On the other hand, Jerry’s actions fit in with the characteristics of the African stories as well. According to Knapp, what is common to all 30 African stories is the theme of the “individual’s collision with an oppressive environment. While the young may emerge temporarily unscathed from this skirmish, the adults, whose strength is already eroded by poverty and hardship, are nearly always doomed.” While Jerry’s “collision” with the ocean is voluntary, the aquatic environment can still be viewed as “oppressive” to the extent that Jerry’s determination to conquer it puts him at risk of dying and determines the course of his activities throughout his stay, bloody noses and all. Not only that, but it also distances him from his widowed mother who tries not to interfere with his life. Likewise, as a widow, her strength can be seen as having been somewhat”eroded by hardship.” It is interesting to note that Jerry swims out twice to check that she is safely on the beach, while she never checks on him; maybe she knows that he must go off and face certain challenges and that he is doing so on her behalf, too.
Most of the African stories focus on the lives of the white settlers with the natives in the background. Knapp notes that many of these stories are told from the point of view of a white child,”who is at one with the teeming veld and nature itself. The child’s eyes focus on three major subject groups: the color bar and native custom, the social hierarchy among the settlers, and, most important, the basic workings of life and death within unadulterated nature.” While there is no overt “color bar” guiding the interactions between Jerry and the older boys as he watches them diving, he is a pale-skinned intruder, intent upon observing “native custom,” while they are “of that coast… burned smooth dark brown and speaking a language he did not understand.” Similarly, the wild sea teeming with fish can be viewed as analogous to the African veld; Jerry is not quite one with it—hence the fierceness of his struggles—but that is what he is striving to become. That he loses interest as soon as he achieves his aim demonstrates that he is more a child of the city than of nature.
One story included in African Stories that is an example of a white child at one with the veld and which has many striking parallels to “Through the Tunnel” is “A Sunrise on the Veld.” The boys in the two stories seem to be so similar that the country each story is set in seems to be the primary difference between them. The boy in “A Sunrise on the Veld,” a white settler, pushes himself physically and mentally as Jerry does, training himself to wake at half-past-four every morning, delighting in controlling his brain and “every part” of himself. “He had once stayed awake three nights running, to prove that he could, and then worked all day, refusing even to admit that he was tired.” Upon waking, he walks outside with his shoes in his hands to avoid waking his parents, pushing past pain as Jerry does in order to achieve his freedom: “his hands were numbed … and his legs began to ache with cold.” This boy wakes to go hunting out on the veld; he feels there is “nothing he couldn’t do, nothing!” Like Jerry this boy confronts the possibility of death, and gains the “knowledge of fatality, of what has to be.” He comes upon an injured buck; seeing its carcass devoured by black ants, he realizes that he may, on any given morning, have caused similar anguish to an animal that he has shot and not followed. Jerry inflicts no cruelty, but he does worry his mother and risk his life needlessly.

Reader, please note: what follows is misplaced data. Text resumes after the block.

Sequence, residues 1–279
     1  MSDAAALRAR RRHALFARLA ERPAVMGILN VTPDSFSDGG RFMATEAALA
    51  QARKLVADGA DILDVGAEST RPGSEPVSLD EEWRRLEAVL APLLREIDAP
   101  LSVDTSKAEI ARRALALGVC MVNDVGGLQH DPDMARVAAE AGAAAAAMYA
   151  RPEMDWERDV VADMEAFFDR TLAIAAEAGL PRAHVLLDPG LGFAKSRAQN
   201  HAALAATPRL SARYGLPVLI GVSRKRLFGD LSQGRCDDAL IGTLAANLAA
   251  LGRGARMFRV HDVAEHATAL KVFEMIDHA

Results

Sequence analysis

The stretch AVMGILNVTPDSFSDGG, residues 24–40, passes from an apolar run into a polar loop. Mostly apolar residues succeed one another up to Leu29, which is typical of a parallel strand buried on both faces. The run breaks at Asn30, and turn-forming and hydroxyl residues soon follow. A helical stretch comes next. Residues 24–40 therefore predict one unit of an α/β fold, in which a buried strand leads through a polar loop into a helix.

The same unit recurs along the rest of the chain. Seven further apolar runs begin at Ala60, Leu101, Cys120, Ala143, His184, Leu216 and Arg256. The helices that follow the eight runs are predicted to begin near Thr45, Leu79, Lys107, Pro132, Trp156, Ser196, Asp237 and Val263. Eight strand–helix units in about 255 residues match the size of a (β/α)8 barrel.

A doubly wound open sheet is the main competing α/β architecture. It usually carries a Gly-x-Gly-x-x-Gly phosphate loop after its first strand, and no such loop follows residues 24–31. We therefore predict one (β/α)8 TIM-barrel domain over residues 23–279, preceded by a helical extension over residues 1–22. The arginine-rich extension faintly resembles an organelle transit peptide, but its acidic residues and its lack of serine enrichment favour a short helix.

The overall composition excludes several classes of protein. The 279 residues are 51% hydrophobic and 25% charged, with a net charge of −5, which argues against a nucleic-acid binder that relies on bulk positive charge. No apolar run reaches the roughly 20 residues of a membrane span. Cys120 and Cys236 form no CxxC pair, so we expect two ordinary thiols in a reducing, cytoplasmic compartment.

Singleton writes of Lessing’s protagonists who encounter the veld that they are not “separated from creation as a whole but [take] part in the cyclical repetition of life and death…. If the result is the loss of Eden, it is the gain of full humanity with consciousness, and its corollary, responsibility. It is Milton’s Adam and Eve leaving the Garden.” Both Jerry and the boy in “A Sunrise on the Veld” gain maturity from their encounters with mortality, and this helps explain why afterwards Jerry is entirely ready to leave.
Kathleen Wilson (Editor), Short Stories for Students: Presenting Analysis, Context & Criticism on Commonly Studied Short Stories, Volume 1, Doris Lessing, Published by Gale, 1997.
Judy Sobeloff, for Short Stories for Students, Gale Research, 1997.